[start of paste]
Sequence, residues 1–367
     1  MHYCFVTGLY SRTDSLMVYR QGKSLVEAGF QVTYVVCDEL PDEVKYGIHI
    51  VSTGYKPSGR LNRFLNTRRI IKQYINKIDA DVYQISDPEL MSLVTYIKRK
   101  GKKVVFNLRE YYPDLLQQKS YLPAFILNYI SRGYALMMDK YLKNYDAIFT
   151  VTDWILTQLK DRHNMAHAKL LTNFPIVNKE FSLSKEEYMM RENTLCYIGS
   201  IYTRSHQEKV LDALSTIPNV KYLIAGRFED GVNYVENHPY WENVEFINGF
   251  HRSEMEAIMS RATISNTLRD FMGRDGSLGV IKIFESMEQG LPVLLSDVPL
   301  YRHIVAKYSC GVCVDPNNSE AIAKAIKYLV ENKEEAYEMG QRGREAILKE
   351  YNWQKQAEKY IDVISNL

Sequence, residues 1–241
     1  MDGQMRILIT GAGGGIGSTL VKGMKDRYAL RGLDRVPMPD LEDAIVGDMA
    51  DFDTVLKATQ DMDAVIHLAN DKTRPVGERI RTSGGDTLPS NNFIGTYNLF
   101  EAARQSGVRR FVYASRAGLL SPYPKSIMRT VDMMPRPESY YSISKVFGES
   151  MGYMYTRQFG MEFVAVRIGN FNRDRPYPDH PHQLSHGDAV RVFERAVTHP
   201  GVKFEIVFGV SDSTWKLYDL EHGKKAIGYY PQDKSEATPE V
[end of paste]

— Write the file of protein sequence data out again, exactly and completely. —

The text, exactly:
Sequence, residues 1–367
     1  MHYCFVTGLY SRTDSLMVYR QGKSLVEAGF QVTYVVCDEL PDEVKYGIHI
    51  VSTGYKPSGR LNRFLNTRRI IKQYINKIDA DVYQISDPEL MSLVTYIKRK
   101  GKKVVFNLRE YYPDLLQQKS YLPAFILNYI SRGYALMMDK YLKNYDAIFT
   151  VTDWILTQLK DRHNMAHAKL LTNFPIVNKE FSLSKEEYMM RENTLCYIGS
   201  IYTRSHQEKV LDALSTIPNV KYLIAGRFED GVNYVENHPY WENVEFINGF
   251  HRSEMEAIMS RATISNTLRD FMGRDGSLGV IKIFESMEQG LPVLLSDVPL
   301  YRHIVAKYSC GVCVDPNNSE AIAKAIKYLV ENKEEAYEMG QRGREAILKE
   351  YNWQKQAEKY IDVISNL

Sequence, residues 1–241
     1  MDGQMRILIT GAGGGIGSTL VKGMKDRYAL RGLDRVPMPD LEDAIVGDMA
    51  DFDTVLKATQ DMDAVIHLAN DKTRPVGERI RTSGGDTLPS NNFIGTYNLF
   101  EAARQSGVRR FVYASRAGLL SPYPKSIMRT VDMMPRPESY YSISKVFGES
   151  MGYMYTRQFG MEFVAVRIGN FNRDRPYPDH PHQLSHGDAV RVFERAVTHP
   201  GVKFEIVFGV SDSTWKLYDL EHGKKAIGYY PQDKSEATPE V